On the hidden horrors of new turnpike tolling
On October 28, the Massachusetts Turnpike will switch on its automated toll-collection system, forever making toll booths, toll takers, and toll traffic obsolete—surely better for travel, safety, and the environment. However, what it curiously does not eliminate is the actual tolls themselves. Instead, it favors a new system of $130 million metal gantries, spends about 20 percent of the toll revenue on contractors to manage the collection, and most ominously, enshrines a new method of state surveillance that may have already been used illegally.
At the Massachusetts Department of Transportation’s public hearing in Newton on September 12, presentations by Highway Administrator Tom Tinlin, Director of Tolling Steve Collins, and chief of staff for the Massachusetts Highway Administration Jared Kadich explained in great detail the new electronic gantry operations and rationale. They listened attentively and answered questions. But when I raised issues of privacy, no satisfying answers were forthcoming. That is because, ultimately, MassDOT does not have them.
If you have an E-ZPass transponder, your life is not changing much. You have already consented to the gathering and storage of data on your travel habits (locations, speed, dates, times) on the Mass Pike, the Tobin Bridge, and the three harbor tunnels.
But if you believe that it’s none of the state’s business where you happen to be traveling, and you’ve been paying your tolls in cash, your days of anonymity are numbered. The new automated system will take photographs of your license plate at every gantry, match it to your address, and mail you a bill. That bill will be more than double the tolls of someone with a transponder. For example, according to a chart at the hearing, driving from Boston to Newton will cost $4.15 without a transponder, versus $1.70 with one. It’s an incredible penalty for people who have quite literally done nothing.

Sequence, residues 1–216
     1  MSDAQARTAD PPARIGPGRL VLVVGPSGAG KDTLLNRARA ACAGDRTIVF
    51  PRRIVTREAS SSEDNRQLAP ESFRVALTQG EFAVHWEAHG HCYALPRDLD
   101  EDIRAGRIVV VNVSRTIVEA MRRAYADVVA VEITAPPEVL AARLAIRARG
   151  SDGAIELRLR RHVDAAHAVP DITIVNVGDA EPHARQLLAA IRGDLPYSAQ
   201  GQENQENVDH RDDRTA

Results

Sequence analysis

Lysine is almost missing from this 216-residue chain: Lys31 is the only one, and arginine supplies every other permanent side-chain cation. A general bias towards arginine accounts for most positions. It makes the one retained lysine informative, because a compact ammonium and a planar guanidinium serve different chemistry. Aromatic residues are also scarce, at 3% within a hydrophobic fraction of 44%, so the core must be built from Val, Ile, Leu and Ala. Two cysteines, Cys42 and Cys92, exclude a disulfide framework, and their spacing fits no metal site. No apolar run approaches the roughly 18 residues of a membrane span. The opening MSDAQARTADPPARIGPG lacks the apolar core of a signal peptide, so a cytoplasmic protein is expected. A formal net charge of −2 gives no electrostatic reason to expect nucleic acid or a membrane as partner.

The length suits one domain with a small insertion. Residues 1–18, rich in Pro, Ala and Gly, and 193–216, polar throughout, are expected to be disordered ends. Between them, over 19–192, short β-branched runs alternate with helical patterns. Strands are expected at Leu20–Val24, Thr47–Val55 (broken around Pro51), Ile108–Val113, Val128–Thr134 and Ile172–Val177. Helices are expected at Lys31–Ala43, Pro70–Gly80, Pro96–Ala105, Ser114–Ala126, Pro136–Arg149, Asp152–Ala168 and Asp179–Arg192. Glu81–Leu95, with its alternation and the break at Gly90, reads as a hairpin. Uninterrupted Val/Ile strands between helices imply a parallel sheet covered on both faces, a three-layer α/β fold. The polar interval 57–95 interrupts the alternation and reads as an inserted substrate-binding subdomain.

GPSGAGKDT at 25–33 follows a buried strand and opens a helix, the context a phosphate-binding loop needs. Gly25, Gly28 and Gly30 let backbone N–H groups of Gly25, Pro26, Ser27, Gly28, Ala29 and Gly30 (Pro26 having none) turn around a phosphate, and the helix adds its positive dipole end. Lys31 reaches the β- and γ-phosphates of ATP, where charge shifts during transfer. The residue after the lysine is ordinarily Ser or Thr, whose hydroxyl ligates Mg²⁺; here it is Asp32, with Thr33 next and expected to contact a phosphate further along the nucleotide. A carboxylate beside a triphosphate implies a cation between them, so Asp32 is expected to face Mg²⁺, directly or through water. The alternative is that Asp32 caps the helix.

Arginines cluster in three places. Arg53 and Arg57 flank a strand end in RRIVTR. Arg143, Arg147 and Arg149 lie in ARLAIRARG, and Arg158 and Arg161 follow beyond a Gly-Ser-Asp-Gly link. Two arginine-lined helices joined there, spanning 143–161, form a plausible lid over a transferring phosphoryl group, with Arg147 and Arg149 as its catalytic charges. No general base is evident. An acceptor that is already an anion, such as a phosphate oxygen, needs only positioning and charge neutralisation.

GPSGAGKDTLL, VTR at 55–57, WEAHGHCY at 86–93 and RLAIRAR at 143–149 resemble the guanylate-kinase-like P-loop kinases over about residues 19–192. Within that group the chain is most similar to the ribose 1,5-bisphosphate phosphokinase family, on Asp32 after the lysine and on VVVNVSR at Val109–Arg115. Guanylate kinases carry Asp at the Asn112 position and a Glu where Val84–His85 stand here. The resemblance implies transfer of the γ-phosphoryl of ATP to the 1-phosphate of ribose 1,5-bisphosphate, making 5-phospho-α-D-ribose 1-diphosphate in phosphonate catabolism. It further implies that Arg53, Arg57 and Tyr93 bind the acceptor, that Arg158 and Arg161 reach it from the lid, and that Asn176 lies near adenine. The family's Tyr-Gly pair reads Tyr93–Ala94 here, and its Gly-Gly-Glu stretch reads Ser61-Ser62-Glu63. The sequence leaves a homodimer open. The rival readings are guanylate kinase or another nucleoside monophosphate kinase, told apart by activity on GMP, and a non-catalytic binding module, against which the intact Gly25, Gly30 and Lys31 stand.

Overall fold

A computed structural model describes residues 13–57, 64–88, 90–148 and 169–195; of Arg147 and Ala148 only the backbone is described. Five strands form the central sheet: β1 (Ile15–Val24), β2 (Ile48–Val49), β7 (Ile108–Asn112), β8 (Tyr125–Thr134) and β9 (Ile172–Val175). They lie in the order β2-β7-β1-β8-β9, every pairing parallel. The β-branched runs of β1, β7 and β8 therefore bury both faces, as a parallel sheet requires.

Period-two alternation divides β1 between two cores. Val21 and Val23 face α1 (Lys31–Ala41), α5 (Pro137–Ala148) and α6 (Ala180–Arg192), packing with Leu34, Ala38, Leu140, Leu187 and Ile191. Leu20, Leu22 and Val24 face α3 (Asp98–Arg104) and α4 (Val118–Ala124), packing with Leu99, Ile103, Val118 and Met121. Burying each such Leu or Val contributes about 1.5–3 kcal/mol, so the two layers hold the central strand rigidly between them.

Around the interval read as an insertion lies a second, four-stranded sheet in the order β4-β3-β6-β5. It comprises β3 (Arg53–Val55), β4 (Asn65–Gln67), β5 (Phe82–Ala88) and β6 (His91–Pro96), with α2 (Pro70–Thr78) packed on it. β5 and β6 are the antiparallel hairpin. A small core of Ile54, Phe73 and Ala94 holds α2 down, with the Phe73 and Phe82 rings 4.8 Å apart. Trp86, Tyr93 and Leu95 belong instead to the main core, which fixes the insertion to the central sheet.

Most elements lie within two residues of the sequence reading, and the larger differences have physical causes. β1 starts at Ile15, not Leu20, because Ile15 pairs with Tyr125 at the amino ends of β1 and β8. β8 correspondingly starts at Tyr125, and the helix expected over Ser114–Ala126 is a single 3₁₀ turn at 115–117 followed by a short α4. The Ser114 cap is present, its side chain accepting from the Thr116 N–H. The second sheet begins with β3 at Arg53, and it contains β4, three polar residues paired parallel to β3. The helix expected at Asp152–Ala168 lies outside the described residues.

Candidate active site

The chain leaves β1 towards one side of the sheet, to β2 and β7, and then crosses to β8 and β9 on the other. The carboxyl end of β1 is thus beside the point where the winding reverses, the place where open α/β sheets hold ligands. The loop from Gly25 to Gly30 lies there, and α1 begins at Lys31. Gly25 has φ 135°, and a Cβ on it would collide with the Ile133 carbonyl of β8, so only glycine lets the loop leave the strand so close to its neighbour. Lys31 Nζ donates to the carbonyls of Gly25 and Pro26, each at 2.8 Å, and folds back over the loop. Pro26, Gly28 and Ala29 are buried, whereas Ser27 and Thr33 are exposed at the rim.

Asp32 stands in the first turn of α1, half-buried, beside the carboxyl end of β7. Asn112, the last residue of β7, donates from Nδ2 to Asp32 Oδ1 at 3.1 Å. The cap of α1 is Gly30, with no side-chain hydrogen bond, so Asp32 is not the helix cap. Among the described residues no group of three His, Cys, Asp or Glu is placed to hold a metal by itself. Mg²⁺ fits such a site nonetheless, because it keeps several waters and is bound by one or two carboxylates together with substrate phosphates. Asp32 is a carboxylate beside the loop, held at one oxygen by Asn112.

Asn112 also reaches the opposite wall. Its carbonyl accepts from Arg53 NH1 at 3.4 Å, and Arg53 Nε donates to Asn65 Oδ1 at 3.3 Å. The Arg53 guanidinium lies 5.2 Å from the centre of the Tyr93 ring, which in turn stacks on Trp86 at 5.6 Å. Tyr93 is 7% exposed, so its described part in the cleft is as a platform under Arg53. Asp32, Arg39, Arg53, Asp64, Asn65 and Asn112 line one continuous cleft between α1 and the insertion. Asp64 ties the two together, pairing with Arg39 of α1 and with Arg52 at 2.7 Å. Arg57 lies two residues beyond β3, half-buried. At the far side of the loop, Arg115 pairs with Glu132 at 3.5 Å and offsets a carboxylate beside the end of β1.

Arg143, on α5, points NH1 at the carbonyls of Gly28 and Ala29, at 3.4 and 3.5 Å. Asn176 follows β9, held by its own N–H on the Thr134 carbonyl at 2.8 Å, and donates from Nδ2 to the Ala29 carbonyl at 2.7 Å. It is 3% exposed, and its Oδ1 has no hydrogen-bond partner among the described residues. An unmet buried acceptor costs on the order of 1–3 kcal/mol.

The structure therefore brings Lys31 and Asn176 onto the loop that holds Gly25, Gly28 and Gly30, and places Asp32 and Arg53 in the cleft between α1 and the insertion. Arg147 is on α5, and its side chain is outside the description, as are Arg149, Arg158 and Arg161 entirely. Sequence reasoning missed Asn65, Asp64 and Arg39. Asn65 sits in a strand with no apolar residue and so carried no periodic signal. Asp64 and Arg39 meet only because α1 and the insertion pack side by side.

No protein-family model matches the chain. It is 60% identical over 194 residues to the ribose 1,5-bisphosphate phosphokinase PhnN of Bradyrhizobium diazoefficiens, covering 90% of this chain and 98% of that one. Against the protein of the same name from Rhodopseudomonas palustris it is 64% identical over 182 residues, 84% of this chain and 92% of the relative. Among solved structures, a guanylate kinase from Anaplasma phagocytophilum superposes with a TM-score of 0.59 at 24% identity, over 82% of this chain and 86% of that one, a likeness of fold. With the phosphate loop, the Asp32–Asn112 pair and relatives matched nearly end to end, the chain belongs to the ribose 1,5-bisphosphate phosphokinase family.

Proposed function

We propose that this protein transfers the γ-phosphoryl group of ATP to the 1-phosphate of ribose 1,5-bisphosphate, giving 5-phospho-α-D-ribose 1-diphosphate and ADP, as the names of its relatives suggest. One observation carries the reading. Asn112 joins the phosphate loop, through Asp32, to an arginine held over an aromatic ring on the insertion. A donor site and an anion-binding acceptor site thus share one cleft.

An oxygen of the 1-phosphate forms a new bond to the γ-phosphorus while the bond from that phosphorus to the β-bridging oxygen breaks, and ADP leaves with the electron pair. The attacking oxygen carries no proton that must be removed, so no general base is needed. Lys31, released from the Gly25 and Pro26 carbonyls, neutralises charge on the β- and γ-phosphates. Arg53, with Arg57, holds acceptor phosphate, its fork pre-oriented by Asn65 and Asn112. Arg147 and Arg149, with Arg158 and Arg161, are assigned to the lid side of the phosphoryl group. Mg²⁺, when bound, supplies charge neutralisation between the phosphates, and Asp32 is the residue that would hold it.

What is MassDOT doing with all this data it is gathering? Tinlin said they have no desire to hang onto the information any longer than is necessary to collect the tolls. Yet that’s not what’s happening. Other than the photos of cars with transponders (that’s right, your plate will be photographed whether your have a transponder or not), all of the data is being stored indefinitely. In fact, even though it has been 18 years since digital tolling debuted on the Pike, there is still not even a data retention policy.
There is, however, a law restricting how that data can be used. That is Massachusetts General Law, Part I, Title II, chapter 6C, section 13, which specifies that MassDOT must “maintain the confidentiality” of the data, which “shall be used for enforcement purposes only with respect to toll collection regulations.” That seems very clear, and yet the department’s own presentation unabashedly offered examples of how it has violated that directive.